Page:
"Max Bound Project". Give it a name such as "HelloWorld" (no spaces).

(The word "Max" in the project type references language that is used for authoring. More about that
shortly.)

After the project is created, in the Navigator (on the left hand side of the Workbench) click the
disclosure buttons (+) and navigate to the HelloWorld/application/page-resource/page/ directory and
double click on the index.xml file to open it in the code editor.

You should see XML code that looks like the following:

<?xml version="1.0" encoding="UTF-8"?>

OEDN: OCAP/EBIF Developer Network – May 2010                                                         Page 9
           Academic Software Kit Quick Start Guide – Version 1.0
<mac xmlns:xsi="http://www.w3.org/2001/XMLSchema-instance">
     <page style="style-transparent" onchannelchange="terminate()">
           <text name="txt_title" x="100" y="300" width="500"
height="27" style="style-black-bkg">This is a new project. Please add
content as you wish.</text>
     </page>
</mac>

This code looks a lot like XHTML. In fact it is a variant of XML (as is XHTML) called MAX (Managed
Application XML). It is beyond the scope of this document to go through the language or this code line
by line but you are welcome to look up the various elements in the TVWorks Max Reference Guide
available at: https://developer.tvworks.com/docs/etv-developer-documentation.

To make this application say "Hello World", we simply have to replace the text between the text tags
(between <text ...> and </text>) and save.



           <text name="txt_title" x="100" y="300" width="500"
height="27" style="style-black-bkg">Hello World</text>

To view this application, we can use the built-in simulator. To do so, click on the triangle to the right of
the "Launch As" button and choose "Open Simulate Dialog..."

The Launch As button:




In the Simulate Configurations dialog, you should see a Simulation Configuration called
"HelloWorld_default_configuration". Select it and click the Simulate button on the lower right. This will
launch the Simulator. To see the video and the content, click the play button in the Control Panel on the
lower left.




OEDN: OCAP/EBIF Developer Network – May 2010                                                         Page 10
         Academic Software Kit Quick Start Guide – Version 1.0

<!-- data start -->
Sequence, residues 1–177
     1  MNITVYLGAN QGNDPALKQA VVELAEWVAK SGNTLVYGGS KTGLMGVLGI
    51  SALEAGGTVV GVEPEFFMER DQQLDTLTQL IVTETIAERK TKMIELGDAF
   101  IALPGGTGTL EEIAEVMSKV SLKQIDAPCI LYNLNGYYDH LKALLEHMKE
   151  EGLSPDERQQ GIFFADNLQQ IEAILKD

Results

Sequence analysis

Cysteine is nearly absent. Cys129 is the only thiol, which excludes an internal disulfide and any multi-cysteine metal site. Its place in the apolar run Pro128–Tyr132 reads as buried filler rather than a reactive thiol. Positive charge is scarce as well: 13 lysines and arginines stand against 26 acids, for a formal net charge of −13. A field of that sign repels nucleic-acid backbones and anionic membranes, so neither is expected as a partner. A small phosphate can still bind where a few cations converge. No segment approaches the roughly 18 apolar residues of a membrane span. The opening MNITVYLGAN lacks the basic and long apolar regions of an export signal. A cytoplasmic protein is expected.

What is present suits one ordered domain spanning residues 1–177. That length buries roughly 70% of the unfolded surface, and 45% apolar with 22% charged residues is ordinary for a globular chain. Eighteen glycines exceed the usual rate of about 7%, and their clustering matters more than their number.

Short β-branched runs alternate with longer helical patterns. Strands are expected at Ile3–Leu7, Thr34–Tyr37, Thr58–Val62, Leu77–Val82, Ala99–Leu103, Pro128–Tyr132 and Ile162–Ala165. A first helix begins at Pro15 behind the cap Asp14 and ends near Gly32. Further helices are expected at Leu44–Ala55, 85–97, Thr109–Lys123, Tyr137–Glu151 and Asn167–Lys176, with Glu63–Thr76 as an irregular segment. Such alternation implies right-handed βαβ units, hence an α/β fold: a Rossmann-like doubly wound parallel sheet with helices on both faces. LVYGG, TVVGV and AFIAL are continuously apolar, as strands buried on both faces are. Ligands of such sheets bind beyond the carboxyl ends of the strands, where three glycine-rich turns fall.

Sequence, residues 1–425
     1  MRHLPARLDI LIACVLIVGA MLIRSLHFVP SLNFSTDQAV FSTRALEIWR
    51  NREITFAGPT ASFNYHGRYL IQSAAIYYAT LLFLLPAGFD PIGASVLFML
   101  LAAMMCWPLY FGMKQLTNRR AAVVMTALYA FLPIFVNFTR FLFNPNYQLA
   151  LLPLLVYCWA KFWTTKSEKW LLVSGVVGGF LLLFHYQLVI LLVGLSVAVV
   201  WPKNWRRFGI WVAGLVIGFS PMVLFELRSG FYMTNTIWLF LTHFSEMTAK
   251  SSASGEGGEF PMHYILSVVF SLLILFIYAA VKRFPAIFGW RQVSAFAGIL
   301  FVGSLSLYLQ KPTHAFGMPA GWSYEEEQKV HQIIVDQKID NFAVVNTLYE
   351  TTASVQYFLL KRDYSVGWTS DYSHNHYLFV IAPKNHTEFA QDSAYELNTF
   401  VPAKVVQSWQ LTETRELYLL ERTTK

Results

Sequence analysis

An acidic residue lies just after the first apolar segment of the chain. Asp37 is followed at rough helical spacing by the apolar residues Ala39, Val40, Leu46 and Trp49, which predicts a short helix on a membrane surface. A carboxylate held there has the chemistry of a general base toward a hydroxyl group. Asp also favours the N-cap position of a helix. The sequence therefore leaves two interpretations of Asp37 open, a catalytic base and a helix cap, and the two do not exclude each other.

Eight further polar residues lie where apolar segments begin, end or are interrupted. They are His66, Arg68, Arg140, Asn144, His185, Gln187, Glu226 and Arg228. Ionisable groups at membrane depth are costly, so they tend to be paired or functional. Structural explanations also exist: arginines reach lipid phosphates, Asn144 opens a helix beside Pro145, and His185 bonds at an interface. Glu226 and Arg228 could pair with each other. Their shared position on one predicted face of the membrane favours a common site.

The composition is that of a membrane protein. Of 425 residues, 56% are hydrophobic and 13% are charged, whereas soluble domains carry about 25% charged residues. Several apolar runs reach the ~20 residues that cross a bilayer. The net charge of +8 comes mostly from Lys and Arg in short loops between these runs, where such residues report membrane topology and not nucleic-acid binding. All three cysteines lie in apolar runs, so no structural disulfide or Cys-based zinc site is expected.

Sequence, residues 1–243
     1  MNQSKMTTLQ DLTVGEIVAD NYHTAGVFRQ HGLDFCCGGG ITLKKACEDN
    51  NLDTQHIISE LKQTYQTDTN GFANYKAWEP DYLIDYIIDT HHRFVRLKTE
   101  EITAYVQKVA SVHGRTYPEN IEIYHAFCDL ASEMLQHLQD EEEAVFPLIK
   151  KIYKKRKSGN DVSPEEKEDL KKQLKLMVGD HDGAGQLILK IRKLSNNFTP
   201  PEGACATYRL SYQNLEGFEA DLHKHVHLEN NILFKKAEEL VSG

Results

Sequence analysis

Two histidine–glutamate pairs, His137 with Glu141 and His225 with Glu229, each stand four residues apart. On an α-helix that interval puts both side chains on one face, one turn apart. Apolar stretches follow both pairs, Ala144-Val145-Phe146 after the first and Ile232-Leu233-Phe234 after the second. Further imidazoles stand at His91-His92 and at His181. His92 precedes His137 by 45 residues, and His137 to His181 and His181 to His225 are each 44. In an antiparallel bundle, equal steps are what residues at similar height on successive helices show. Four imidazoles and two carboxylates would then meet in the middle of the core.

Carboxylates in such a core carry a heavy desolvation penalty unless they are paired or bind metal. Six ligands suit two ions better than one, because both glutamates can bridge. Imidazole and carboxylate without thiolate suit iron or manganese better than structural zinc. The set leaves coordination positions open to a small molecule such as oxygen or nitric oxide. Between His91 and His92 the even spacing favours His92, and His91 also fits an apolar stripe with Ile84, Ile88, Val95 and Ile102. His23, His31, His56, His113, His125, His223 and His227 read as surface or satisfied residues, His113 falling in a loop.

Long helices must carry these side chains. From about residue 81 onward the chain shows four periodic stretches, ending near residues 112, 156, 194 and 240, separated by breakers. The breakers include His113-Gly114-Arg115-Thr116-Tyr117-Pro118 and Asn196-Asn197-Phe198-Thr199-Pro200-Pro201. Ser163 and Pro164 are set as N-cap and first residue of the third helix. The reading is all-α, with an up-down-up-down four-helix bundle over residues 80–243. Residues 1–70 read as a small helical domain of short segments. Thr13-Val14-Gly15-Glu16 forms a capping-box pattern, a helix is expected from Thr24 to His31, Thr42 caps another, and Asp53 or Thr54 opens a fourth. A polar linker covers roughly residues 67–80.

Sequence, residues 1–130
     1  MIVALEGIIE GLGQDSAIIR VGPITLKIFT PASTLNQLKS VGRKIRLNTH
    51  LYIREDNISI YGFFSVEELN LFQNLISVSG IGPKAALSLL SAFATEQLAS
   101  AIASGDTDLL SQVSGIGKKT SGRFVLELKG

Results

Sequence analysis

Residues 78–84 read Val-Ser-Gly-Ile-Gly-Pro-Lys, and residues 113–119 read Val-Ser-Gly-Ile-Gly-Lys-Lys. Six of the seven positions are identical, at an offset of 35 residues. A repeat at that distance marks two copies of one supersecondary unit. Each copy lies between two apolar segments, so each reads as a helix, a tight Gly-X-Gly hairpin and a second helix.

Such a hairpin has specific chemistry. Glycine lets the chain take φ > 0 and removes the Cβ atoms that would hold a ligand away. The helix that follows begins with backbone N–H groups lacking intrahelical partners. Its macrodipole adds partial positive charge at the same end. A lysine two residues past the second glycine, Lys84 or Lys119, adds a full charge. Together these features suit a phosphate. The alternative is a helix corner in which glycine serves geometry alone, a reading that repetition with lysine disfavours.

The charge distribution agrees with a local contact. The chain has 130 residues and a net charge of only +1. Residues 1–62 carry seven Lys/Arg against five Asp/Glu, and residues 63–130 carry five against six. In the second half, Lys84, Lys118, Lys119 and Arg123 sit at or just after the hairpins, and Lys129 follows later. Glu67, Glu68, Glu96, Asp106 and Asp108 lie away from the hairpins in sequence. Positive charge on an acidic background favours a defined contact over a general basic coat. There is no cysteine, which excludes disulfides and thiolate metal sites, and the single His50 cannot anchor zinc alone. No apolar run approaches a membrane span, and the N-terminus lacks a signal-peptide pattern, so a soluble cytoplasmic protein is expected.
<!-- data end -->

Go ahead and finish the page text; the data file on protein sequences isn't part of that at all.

Look and Feel
      Looking at the code above, you see that there are "style" arguments as well as coordinate and
      size arguments for the "text" element. If you look under the style folder in the Navigator you'll
      see a stylesheet.xml document which contains the different styles. Let's modify that and update
      our index.xml file accordingly.

      First though, let's download the MAX reference Guide which lists the various tags and options
      that we can use in our MAX applications: TVWorks MAX Reference Guide -
      https://developer.tvworks.com/docs/etv-developer-documentation

      Chapter 27 in particular lists the tags and options for the stylesheet.xml document. You can
      modify your stylesheet.xml file by adding the following entries in their respective areas:

      <color-styles>
                               <color-style name="shawn-green" enabled="green" focused="green"

                                          selected="green" disabled="green" armed="green" />

      </color-styles>

                        <border-styles>

                               <border-style name="shawn-bs" border-width="2"

                                          top-border-color-style="shawn-green"


OEDN: OCAP/EBIF Developer Network – May 2010                                                   Page 11
         Academic Software Kit Quick Start Guide – Version 1.0

                                      bottom-border-color-style="shawn-green"

                                      left-border-color-style="shawn-green"

                                      right-border-color-style="shawn-green"

                                      join="overlap" join-radius="2" />

                      </border-styles>

              <styles>

                      <style name="shawn-style" fill-color-style="cs-black"

                              alignment-style="as-top-left-offset" border-style="shawn-bs"

                              font-style="fs-med" text-color-style="cs-btn-text"

                              antialias-color-style="cs-black" />

              </styles>
      You will probably notice how the three different sections reference the previous sections,
      border-style referencing color-style and style referencing border-style. Now we can edit our
      index.xml document to use our new styles:

      <page style="style-transparent" onchannelchange="terminate()">

                      <text name="txt_title" x="100" y="300" width="500" height="100"

                               style="shawn-style">Hello</text>

                      <text name="txt_title_2" x="100" y="400" width="500" height="100"

                               style="shawn-style">World</text>

              </page>